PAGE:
WSU: Of course Colton Clark has a story on Stone’s award and the performance that led to it. … The Cougars are in their bye week, waiting until they play at seventh-ranked Oregon on Nov. 13. Colton tells us that game will begin at 7:30 p.m. and be broadcast on ESPN. Depending on what happens in Seattle this Saturday, the contest could be for the solo North division lead. … Que Johnson was one of the bright spots of the late Ken Bone era in Pullman. He’s back in the area, serving as a basketball assistant at Eastern Oregon University. Theo Lawson caught up with him after the Mountaineers played at Gonzaga on Sunday. … A couple of WSU players, Charlisse Leger-Walker and Bella Murekatete, along with former Central Valley star Lexie Hull, are on major award lists. That news is part of our local briefs column. … Elsewhere in the Pac-12 and college football, the first playoff rankings will be released this afternoon (we will delve into them more tomorrow). The biggest question in these parts is simple: Will Oregon be in front or behind Ohio State, a team it defeated on the road without Thibodeaux? … Look who is third in Jon Wilner’s latest conference power rankings in the Mercury News. Yep, Washington State. … Washington’s injury replacement at linebacker, freshman Carson Bruener, won a couple of Pac-12 weekly awards. Which begs the question, why wasn’t he playing more before? … Oregon is getting healthy in the secondary just in time to make its trip to Seattle. … Are the Ducks and Huskies battling over the same recruits? Yes, even if Jimmy Lake denied it yesterday. … The Beavers need to get their running game back on track. Oregon State can’t win without it. … Colorado hopes to finish a weak season with strong effort. And hopes to get Nate Landman back at some point. … Utah needed a special teams spark. The Utes got it from an unusual source. … Kyle Whittingham is now the second-longest tenured college football coach in America. … Herm Edwards won’t reach that level at Arizona State. … Will Plummer may have to do more for Arizona. … In basketball news, a newcomer feels right at home at Oregon State. … Colorado has things to work on after its exhibition loss. … Arizona won its exhibition opener last night. The Wildcats are trying to re-establish that McKale Center roar. … Arizona State may have found a new catalyst.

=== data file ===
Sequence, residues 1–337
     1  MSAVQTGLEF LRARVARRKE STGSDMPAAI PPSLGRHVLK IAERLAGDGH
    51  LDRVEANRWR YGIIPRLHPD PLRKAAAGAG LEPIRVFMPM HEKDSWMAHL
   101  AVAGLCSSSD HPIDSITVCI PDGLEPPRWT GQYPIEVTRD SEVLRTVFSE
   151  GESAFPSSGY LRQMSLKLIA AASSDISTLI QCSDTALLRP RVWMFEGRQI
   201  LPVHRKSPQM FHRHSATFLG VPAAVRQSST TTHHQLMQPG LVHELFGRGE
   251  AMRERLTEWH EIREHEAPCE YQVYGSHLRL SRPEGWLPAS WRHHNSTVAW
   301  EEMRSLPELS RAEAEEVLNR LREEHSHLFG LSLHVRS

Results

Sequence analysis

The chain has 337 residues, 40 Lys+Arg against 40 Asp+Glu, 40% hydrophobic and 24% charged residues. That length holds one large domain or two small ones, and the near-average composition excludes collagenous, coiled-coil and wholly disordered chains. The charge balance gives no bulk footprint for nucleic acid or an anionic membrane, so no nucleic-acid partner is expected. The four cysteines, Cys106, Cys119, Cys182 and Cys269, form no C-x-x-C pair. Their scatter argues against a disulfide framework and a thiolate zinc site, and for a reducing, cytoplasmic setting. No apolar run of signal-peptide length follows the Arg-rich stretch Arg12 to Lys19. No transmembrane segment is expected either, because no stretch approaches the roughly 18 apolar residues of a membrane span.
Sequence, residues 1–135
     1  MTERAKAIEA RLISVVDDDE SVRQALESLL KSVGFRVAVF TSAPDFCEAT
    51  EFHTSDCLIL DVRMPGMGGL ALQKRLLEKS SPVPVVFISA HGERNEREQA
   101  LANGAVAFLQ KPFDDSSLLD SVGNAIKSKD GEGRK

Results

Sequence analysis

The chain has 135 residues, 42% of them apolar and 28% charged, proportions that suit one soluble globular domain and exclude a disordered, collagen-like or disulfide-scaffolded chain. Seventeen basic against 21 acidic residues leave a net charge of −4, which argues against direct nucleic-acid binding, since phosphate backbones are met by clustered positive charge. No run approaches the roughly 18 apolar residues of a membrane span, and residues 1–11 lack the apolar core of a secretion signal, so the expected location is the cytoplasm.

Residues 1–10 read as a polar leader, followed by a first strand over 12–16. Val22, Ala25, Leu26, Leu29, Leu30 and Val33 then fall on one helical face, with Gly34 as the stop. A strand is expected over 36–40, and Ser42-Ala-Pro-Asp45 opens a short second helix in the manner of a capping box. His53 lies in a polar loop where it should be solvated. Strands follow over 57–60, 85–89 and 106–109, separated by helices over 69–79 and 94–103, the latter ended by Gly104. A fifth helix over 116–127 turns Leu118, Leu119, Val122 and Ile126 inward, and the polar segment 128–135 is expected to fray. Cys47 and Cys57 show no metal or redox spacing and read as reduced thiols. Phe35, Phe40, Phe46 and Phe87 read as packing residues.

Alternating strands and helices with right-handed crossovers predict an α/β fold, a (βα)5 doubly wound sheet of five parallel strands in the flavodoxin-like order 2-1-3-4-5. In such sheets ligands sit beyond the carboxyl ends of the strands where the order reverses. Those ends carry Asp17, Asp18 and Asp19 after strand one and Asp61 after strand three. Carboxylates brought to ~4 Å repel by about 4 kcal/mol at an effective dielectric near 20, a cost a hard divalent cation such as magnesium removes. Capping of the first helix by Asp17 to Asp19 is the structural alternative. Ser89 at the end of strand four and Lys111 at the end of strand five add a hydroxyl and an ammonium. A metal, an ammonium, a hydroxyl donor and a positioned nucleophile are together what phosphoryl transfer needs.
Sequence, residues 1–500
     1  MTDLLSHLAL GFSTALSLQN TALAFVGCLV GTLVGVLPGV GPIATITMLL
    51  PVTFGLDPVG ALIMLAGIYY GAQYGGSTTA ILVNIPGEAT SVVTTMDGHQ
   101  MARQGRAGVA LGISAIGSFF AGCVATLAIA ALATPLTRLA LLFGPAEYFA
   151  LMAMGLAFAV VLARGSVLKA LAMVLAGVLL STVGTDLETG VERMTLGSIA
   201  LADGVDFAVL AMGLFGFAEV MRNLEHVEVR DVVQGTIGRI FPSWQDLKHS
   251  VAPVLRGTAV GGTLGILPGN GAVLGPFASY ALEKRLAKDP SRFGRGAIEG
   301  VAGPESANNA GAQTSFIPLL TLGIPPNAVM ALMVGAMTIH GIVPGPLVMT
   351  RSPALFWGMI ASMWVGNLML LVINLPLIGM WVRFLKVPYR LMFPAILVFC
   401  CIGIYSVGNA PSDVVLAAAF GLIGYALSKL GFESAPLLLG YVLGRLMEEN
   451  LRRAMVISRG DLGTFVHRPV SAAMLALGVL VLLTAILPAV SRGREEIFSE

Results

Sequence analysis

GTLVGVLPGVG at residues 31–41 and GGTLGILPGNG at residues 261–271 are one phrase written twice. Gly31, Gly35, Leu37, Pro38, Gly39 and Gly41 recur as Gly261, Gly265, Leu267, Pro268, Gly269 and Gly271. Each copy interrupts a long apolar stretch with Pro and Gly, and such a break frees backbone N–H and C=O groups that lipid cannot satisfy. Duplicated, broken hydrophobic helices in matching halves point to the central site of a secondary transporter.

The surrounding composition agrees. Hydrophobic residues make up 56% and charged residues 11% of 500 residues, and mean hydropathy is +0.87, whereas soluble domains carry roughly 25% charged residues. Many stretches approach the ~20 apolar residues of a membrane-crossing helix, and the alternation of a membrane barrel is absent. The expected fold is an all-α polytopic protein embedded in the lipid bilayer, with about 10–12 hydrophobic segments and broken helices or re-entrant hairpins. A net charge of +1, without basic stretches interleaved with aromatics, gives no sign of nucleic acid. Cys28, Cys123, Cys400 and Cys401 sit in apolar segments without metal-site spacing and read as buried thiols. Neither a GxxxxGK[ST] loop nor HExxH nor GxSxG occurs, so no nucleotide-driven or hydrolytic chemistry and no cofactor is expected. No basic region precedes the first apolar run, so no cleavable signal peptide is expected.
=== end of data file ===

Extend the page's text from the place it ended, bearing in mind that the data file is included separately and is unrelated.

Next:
Gonzaga: Jim Meehan spent part of his Monday talking with Larry Weir for the latest Press Box podcast.

EWU and Idaho: Around the Big Sky, the matchup between Eastern and Montana State will be a face-off of top-5 FCS teams. The Eagles are fifth and the Bobcats fourth this week. … Sacramento State has a good shot at an undefeated conference season. … Montana is playing through injuries. … In basketball news, Weber State has a pair of wings that will be challenging to guard.

Preps: The Oakesdale volleyball program has been pretty darn good for the past decade. How good? Madison McCord tells us with this story. … Dave Nichols has a roundup of 2A soccer district play from Monday.

Seahawks: If you follow Russell Wilson on social media, you know the pin is out of his finger. But I’m not sure I needed to see a picture of it. Maybe that’s just me. Anyhow, he’s taken a big step toward returning to the field. … His biggest task ever may lie just ahead because the offense isn’t anywhere near where it needs to be. … If Chris Carson can play, it will help. … If you have questions, here are four answers.

Mariners: One of the questions the M’s need to answer this offseason is who plays third base? … The offseason could very well be condensed by a lockout.

Kraken: Edmonton is really good this season. Especially on home ice. Which explains Seattle’s 5-2 loss.

Sounders: It’s been a while since Seattle has won a match. The Sounders did not win last night, playing to a 1-1 draw with the L.A. Galaxy. In Seattle. The good news? Jordan Morris played some and looked good.


• It’s election day. One nice aspect of how Washington handles elections is our ability to vote early. That’s important when people knock on your door. You can just tell them, “Sorry, I have voted already,” and get back to your life. If the greatest gift is time, than vote by mail is a gift. Until later …